This cloudy day in March, I am thrilled to be back in the garden preparing the sacred earth for what is to come! Winters are generally short and mild here in the Northwest despite the occasional cold and heavy rains. For those of us who know what that inclement weather brings, we just slosh on through and anticipate the burgeoning signs of growth. March has all the potential of a tight bud with just a hint of color. All of Spring and Summer are hiding in that bud as the earth yawns and awakens to another glorious season.
On my inspection walk this afternoon I am reminded of the plants I transplanted last Fall when Spring seemed so far off. Now they surprise me and I am happy I had the foresight to move them. I see the plants from 2 seasons ago that are now multiplying. First they sleep, then they creep, then they leap is a wonderful and true expression I learned from Susan Jerde several years ago. It is just so apt for many plantings. They simply take time to establish and exhibit their splendor.
Funny how the weather forecast is often quite off here in the great Northwest. It may say cloudy or rain but the sun comes peeking through and surprises us. Today is one of those days. I call the sun-rain-sun rain days rainbow days because not only may rainbows appear, but the shifting weather patterns bring joy in an unanticipated way. Below we see my grandson in unabashed river ecstasy.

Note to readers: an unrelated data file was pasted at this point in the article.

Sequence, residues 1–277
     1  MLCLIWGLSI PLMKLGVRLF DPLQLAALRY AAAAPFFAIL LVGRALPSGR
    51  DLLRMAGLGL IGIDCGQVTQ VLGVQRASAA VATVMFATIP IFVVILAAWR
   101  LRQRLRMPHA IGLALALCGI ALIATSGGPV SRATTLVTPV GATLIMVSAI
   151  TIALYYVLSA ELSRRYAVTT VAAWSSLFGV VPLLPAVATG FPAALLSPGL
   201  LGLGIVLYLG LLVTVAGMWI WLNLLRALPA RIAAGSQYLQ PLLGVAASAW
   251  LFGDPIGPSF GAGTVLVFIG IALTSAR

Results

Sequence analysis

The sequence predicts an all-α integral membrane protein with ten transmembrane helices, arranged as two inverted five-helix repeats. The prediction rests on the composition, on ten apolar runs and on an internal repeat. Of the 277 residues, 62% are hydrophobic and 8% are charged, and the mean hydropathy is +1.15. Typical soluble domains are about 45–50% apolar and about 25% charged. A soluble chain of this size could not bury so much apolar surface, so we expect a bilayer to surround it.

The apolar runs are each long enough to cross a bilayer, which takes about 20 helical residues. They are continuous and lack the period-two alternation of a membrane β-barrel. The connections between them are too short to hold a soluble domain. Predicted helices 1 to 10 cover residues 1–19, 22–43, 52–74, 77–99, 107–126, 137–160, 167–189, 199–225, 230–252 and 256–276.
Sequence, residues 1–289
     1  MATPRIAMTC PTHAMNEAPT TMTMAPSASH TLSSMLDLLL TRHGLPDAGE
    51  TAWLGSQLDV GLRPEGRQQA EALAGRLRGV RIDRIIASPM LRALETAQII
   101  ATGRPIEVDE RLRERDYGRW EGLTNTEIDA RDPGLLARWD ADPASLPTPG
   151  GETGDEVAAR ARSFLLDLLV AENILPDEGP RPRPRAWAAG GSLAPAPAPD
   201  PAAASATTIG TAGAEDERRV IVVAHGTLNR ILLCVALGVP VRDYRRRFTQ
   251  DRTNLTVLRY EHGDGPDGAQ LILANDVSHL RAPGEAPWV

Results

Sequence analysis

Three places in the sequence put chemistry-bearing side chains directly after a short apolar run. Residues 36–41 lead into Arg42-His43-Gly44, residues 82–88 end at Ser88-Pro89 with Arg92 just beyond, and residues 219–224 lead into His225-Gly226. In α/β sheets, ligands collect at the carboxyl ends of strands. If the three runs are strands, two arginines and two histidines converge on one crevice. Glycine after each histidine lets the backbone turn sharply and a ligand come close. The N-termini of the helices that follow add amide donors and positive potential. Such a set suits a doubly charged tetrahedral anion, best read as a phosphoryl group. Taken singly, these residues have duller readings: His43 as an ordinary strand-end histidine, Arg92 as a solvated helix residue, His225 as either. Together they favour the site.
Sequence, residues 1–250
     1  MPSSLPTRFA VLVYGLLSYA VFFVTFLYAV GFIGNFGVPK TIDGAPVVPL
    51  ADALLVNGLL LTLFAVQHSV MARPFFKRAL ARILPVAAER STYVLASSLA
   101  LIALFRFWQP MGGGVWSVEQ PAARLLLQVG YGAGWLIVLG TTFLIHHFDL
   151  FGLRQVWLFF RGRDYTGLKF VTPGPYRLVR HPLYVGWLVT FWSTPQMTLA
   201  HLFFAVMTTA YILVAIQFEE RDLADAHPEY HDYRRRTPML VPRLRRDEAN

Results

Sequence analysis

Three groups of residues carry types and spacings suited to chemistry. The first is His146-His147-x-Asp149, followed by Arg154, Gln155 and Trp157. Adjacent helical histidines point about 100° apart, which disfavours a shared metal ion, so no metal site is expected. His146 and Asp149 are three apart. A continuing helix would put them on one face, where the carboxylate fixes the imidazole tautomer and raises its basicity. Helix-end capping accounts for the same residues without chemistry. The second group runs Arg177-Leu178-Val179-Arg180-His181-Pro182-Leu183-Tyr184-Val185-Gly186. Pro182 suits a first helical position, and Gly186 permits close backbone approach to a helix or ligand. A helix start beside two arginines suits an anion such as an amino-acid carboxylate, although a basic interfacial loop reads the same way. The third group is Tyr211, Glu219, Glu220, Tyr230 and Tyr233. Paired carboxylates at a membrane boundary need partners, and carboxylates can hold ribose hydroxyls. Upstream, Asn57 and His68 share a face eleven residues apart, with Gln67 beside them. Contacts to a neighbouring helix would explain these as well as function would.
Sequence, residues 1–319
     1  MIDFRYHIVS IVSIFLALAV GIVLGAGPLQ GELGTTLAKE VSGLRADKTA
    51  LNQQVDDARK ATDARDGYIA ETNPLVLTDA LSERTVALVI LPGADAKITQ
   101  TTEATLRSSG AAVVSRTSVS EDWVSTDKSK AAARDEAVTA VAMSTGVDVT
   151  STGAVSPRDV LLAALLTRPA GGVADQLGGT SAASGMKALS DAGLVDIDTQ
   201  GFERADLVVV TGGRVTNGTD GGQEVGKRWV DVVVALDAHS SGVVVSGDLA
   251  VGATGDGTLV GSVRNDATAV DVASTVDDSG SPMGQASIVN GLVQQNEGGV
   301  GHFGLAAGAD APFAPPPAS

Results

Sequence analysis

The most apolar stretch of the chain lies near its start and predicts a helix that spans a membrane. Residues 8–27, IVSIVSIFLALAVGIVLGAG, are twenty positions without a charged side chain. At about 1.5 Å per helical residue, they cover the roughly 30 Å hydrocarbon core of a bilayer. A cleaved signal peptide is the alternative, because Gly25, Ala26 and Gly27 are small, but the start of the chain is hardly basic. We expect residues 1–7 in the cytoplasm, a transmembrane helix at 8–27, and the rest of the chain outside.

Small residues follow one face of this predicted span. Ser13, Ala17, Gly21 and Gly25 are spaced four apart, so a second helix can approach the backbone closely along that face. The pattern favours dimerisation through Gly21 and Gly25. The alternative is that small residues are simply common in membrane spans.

My younger son Eli is marrying his beloved Raya this coming May. So as any gardener/mother would do, I’m spiffing up some tired beds with new plants scheduled to bloom in time for the wedding. It’s always marvelous to have a justifiable excuse to create a new design. Here you see native and hybrid lupines, delphiniums, western columbine aquilegia formosa and two of the myriad varieties of campanula, the versatile bellflower; campanula glomerata 'superba' and campanula persicifolia ‘telham beauty’. Overwintered are the spire like foxgloves the name of which suggests foxes placing their paws in the layered buds. The bed will be covered with fragrant, sweet alyssum.